SUPERVISOR FINN: “I HAVE THE BEST JOB IN THE WORLD”

BY DYLAN SKRILOFF

Stony Point Supervisor Geoff Finn

Everyone should feel as lucky as Stony Point Supervisor Geoff Finn. The leader of town government says after a month and a half on the job he has “the best job in the world.”

“I love my work…I couldn’t ask for a better job,” Finn said of his being a full-time public servant for the first time in his life. Finn, a part-time councilman since 2006, previously made most of his living owning and managing a pizzeria and renting out properties. Now his wife will take care of his pizzeria in Orangeburg, while he works full-time as town supervisor.

Finn might like the work, but his happiness will not last unless Stony Point’s economic fortunes get a boost. Finn sits in his office, decorated with portraits of President John F. Kennedy, thinking of how to attract new business to the town.

“This town needs ratables,” he said. “I have had probably 10 meetings with businesses looking at Stony Point and people who wanted to talk to the new supervisor.”

Finn is hoping that business will come to replace Lovett’s power station, Tilcon’s closed plant and that Gypsum reopens their temporarily closed plant.

One property that’s been an eyesore is the old Stop & Shop shopping center owned by Gator Investments. A Rite-Aid is still open there, but the largely vacant storefront and decrepit parking lot taunts locals and reminds passerby’s of the weak economy. He would not give details, but Finn said there is reason to hopeful that the property will finally see some improvement. “We need a high-end tenant. I would love to see some kind of retail there,” he said.

Other prospective projects include companies interested in a new industrial park zoned on Holt Drive.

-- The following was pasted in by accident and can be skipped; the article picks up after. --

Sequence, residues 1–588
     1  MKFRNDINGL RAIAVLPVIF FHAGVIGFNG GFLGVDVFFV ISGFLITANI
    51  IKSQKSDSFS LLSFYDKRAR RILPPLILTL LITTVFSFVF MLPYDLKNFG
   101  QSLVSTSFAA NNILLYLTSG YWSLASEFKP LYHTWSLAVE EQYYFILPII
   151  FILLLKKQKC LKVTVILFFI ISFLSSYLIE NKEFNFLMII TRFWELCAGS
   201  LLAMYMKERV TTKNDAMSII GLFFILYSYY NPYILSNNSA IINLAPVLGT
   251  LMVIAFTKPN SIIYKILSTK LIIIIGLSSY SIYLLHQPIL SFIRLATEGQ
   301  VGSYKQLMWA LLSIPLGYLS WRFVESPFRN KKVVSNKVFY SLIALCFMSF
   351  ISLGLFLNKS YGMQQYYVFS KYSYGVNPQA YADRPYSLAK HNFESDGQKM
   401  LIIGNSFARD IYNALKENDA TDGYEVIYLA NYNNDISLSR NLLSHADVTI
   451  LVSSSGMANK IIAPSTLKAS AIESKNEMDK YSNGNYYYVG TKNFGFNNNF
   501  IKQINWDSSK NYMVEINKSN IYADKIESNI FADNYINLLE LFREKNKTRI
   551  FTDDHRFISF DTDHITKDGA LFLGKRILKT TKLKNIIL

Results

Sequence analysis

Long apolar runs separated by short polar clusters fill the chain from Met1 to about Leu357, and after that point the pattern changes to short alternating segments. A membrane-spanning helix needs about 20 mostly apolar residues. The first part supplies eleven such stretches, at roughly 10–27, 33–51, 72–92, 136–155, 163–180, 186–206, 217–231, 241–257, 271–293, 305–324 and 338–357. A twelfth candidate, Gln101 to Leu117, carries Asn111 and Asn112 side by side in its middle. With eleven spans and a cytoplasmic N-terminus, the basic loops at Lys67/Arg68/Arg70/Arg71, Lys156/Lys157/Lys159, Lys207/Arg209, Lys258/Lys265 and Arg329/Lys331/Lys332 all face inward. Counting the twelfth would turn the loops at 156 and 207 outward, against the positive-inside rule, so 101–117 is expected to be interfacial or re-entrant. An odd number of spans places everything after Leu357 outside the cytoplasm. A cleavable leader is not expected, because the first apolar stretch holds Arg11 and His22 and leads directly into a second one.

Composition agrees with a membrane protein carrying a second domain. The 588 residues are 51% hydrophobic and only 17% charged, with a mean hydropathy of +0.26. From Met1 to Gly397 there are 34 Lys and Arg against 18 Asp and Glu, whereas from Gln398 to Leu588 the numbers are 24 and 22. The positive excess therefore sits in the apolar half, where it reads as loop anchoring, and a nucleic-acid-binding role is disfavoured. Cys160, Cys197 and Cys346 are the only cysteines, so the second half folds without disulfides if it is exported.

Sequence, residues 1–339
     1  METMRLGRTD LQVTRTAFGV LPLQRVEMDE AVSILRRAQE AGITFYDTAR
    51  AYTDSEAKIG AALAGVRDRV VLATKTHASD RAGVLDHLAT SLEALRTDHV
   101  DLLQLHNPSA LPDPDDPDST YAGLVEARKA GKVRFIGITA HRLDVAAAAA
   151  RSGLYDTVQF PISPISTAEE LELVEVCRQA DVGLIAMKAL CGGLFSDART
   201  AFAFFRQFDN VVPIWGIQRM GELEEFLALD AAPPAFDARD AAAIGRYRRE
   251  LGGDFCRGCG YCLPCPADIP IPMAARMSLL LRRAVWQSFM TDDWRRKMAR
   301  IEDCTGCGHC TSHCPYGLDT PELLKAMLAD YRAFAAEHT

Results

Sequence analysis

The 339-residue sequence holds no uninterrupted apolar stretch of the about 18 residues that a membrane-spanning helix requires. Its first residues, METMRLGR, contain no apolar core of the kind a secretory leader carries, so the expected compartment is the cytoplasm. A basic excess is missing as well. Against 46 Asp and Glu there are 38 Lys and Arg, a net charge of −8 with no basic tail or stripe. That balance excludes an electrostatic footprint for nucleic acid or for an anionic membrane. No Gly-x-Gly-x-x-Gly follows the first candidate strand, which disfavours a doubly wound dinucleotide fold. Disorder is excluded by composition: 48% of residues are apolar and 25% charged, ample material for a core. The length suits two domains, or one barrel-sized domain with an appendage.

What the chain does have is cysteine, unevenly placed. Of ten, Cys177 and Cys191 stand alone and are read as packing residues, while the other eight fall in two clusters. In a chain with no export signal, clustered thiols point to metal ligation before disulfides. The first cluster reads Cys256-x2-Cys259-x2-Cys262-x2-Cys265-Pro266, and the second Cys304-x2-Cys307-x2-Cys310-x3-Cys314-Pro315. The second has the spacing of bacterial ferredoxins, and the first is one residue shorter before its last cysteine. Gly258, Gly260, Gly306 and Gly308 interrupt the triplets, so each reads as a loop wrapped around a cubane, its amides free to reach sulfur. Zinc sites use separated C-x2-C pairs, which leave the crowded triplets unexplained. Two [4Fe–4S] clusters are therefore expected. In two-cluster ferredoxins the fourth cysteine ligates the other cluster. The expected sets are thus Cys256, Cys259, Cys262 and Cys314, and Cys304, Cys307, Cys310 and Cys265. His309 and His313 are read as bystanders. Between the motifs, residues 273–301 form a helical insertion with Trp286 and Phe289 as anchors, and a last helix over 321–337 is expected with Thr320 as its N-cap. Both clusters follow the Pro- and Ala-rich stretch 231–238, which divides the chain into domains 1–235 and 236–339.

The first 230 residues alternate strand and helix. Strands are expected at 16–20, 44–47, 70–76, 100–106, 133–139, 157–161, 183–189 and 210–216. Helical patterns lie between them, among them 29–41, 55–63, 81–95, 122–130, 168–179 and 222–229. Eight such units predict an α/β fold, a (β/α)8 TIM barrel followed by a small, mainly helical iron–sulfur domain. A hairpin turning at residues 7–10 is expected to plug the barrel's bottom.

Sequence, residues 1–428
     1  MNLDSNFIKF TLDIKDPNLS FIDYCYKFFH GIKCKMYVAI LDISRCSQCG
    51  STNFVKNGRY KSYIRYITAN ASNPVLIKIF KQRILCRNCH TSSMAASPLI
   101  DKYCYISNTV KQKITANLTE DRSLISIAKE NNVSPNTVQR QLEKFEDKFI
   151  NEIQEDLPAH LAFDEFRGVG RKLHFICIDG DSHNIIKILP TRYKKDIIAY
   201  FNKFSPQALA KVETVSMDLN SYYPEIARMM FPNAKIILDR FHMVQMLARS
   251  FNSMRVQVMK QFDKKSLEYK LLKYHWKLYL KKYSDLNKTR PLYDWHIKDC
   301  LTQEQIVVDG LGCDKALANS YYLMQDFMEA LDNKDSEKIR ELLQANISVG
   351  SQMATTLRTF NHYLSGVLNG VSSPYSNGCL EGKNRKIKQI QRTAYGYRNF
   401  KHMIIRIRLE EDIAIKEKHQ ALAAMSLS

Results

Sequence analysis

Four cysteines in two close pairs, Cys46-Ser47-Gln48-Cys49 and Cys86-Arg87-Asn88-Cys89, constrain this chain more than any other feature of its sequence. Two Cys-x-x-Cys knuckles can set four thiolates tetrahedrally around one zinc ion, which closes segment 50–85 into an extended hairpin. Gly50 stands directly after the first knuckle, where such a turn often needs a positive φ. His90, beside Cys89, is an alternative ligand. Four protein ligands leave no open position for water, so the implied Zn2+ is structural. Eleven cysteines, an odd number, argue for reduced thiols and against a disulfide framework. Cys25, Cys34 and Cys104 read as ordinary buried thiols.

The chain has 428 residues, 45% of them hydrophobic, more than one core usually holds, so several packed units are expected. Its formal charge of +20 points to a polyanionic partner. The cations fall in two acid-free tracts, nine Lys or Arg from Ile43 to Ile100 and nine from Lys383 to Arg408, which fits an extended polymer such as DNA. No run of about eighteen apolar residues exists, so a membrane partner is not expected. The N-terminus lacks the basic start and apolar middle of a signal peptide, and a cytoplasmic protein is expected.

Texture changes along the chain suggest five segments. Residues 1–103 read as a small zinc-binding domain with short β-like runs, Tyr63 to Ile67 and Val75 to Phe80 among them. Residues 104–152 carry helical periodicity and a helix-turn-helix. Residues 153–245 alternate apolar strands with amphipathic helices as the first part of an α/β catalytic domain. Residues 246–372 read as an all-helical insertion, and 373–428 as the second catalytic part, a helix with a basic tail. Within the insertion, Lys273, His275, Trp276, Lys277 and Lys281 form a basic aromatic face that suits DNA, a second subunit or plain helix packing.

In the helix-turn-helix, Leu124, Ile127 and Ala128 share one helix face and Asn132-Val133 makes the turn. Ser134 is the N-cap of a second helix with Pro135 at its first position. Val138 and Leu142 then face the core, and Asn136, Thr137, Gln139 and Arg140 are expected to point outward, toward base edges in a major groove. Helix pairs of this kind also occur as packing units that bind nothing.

Developing the Patriot Hills properties remains ever the priority, though Finn noted that it would only make sense to sell the property as part of a package including the golf course, while ensuring the golf course maintains a lower rate for membership by Stony Point residents. If you are a resident who has some ideas of their own, Finn said he is open to hear from you. You can email him at supervisor@townofstonypoint.org or try calling Town Hall at 845-786-2716.

Under Finn’s watch special counsel Dennis Lynch of Feerick, Lynch & McCartney remains the town’s go-to man on legal issues, despite a protracted battle by former Supervisor William Sherwood to remove him from the political mix in the town. Though critics in Stony Point and throughout Rockland commonly say that Lynch has a swami-like power over Finn, the supervisor says that’s a ludicrous notion.

“In my opinion we have a great firm over there representing Stony Point’s interests,” Finn said.

Finn also has a promise to Stony Pointers— the pool will be open on time this year. Last year, of course, swimmers missed most of the season due to unexpected filtration issues.

“A lot of money was sunk into that pool last year. It won’t happen this year. The first thing we did, we sat and made sure that’s going to be ready to go. We need to replace some pipes and concrete, but it will be ready,” Finn guaranteed.

Finn has some good news to deliver to Stony Pointers. Thanks to Old Man Winter taking the season off, the town has saved a lot of money alloted for snowplowing and has been able to go ahead and complete recovery work from areas devastated by the Hurricane Irene floods. “I’m very excited it’s not snowing. I know I’m saving money right there. And due to the mild weather they’ve been able to restore Lowland Park,” Finn said.

Finn is also optimistic because he likes what he sees from the town board. “Right now the town board is the best it’s been in my six years. Everyone is talking to each other. We’re on top of everything and informed about the monthly agendas,” he said.

He’s also been impressed with the attitude of his town workers. “It’s teamwork,” he said. “Everyone here cares about the town, it’s not like a corporation. I can relate to the employees, I am not a dictator.”

The town’s long-stalled Master Plan should be coming back up to the forefront soon, Finn said. It’s been five years in the works, however not much has been done in the last few years. Asked if he is already thinking of ways to cut spending due to the 2 percent tax cap limit, Finn said he hasn’t really had a chance to get into that yet, but will before budget season comes around later this year.